Advanced learners’ development of systematic vocabulary knowledge: Learning German vocabulary with inseparable preﬁxes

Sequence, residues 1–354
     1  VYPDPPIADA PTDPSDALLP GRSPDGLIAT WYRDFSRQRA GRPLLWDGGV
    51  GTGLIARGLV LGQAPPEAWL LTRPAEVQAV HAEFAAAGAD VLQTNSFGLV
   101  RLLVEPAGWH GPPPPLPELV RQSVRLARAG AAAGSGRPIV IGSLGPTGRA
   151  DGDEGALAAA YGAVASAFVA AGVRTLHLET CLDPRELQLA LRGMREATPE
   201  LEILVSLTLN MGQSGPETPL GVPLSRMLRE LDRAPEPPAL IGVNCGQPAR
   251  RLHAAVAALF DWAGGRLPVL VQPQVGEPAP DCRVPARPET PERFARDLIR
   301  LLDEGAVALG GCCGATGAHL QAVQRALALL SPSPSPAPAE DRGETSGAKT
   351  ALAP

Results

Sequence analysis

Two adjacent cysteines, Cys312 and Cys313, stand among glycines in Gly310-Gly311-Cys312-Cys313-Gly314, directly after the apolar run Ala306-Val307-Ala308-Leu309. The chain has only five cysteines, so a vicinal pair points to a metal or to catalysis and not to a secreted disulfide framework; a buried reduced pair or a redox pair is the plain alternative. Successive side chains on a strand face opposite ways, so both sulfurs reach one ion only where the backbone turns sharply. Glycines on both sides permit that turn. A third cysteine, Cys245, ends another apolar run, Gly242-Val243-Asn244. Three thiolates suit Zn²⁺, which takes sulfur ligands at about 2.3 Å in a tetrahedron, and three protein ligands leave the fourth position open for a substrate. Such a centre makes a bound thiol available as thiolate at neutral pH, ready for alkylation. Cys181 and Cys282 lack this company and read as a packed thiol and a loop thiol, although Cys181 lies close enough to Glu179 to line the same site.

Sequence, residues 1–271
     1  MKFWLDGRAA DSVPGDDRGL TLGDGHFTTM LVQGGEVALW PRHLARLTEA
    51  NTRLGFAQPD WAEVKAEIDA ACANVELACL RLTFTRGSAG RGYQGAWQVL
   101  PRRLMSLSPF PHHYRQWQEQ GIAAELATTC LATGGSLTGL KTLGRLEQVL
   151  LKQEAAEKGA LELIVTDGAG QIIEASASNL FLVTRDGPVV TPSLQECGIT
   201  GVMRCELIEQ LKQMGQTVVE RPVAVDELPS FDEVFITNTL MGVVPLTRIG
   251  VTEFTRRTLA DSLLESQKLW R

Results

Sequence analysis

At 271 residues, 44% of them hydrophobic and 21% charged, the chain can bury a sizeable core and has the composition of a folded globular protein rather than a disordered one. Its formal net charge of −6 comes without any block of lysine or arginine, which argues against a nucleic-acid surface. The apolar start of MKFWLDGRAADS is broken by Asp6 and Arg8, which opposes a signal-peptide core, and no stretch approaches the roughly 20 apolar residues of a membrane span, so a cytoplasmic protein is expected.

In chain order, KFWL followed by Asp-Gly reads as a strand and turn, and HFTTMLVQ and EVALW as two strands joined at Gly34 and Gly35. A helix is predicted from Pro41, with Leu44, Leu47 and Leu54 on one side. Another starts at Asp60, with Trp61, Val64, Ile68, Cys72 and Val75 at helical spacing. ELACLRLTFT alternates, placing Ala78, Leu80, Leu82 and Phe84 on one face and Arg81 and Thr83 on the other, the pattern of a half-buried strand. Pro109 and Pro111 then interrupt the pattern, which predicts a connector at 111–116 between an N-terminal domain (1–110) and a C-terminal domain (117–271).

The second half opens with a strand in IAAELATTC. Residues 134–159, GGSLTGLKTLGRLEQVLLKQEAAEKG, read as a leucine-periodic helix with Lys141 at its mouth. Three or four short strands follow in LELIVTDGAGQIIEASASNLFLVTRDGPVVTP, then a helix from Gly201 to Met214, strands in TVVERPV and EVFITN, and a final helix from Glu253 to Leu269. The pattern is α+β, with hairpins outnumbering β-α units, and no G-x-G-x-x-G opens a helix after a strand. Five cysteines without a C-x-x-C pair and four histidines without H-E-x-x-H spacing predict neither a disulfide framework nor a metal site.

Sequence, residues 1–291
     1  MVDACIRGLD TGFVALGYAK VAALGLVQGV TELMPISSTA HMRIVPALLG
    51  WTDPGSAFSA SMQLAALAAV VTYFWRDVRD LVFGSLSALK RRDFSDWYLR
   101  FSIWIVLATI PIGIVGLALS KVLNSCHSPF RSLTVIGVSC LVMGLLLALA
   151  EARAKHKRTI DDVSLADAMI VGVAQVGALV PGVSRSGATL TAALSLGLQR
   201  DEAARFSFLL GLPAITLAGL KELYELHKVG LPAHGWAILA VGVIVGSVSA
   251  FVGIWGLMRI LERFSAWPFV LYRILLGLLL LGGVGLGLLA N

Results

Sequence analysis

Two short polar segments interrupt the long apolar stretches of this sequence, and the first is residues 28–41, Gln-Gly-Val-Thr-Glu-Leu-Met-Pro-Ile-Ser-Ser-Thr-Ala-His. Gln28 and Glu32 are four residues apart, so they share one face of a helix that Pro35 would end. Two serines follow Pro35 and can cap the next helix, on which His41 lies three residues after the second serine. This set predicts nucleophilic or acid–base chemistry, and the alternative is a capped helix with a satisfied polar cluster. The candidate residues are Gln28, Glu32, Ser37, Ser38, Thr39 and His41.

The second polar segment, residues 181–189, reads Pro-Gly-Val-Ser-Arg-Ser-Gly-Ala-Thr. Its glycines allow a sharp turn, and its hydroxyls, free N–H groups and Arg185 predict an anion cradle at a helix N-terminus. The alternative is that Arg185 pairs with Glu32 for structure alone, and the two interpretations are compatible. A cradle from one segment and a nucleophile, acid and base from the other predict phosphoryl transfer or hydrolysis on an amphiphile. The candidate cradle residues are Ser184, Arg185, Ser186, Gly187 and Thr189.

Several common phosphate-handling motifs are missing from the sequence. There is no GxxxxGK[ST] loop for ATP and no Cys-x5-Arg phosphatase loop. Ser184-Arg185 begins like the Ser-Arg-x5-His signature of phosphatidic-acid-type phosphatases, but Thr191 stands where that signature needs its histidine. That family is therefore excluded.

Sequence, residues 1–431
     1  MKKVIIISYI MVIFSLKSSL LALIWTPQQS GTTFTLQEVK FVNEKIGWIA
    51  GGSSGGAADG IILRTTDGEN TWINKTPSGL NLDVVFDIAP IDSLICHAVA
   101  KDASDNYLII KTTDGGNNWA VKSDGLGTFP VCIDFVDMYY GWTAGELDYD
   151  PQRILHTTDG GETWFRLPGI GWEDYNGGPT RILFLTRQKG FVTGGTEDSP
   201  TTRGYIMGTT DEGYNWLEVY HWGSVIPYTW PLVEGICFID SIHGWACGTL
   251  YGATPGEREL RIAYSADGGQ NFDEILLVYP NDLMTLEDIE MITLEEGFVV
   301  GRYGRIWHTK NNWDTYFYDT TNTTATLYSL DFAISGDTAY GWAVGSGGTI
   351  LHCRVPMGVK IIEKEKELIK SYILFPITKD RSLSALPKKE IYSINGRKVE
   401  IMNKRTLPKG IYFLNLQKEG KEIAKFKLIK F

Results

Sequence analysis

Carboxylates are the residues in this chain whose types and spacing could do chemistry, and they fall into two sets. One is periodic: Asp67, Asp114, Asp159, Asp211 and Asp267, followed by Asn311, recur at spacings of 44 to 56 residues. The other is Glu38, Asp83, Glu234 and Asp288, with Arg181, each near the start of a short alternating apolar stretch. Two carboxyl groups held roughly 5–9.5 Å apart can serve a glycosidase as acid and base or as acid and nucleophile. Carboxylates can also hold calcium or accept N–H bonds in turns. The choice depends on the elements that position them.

The literature on advanced learners’ word knowledge (e.g., Nation, 1990) assumes that learners can build upon their base vocabularies by adding derivational morphemes to known root words. Recent evidence shows, however, that learners neither do this systematically (Schmitt and Meara, 1997) nor with ease (Schmitt, 1998), even at relatively advanced stages of lexical development. The study reported in this chapter employs a case study methodology to examine the developing lexicogrammatical knowledge of word families experienced over the course of a semester by two advanced learners who received diﬀerent forms of instruction on the meaning of the two German preﬁxes be-and er-. These preﬁxes prototypically convey the linguistic concepts of durativity, goal-/outcome-orientation, intentionality, telicity, and/or abstraction; thus, they are informationally dense and are often used to take a perspective on a given activity. Two learners participated in a 14-week-sustained input ﬂood, including three concordancer activities. One learner also received explicit instruction on the linguistic concepts that form the meaning distinctions between root and preﬁxed verbs. Over the semester she used this knowledge to deduce preﬁxed words’ meaningfulness as she encountered them in texts read for class. The other learner did not receive any instruction. Thus, her task was inductive as she sought to understand preﬁxed words in context. I examine the knowledge sources that the two learners used to develop a systematic understanding of these word classes over the semester, concluding with a discussion of the beneﬁts and limits of instruction in this area.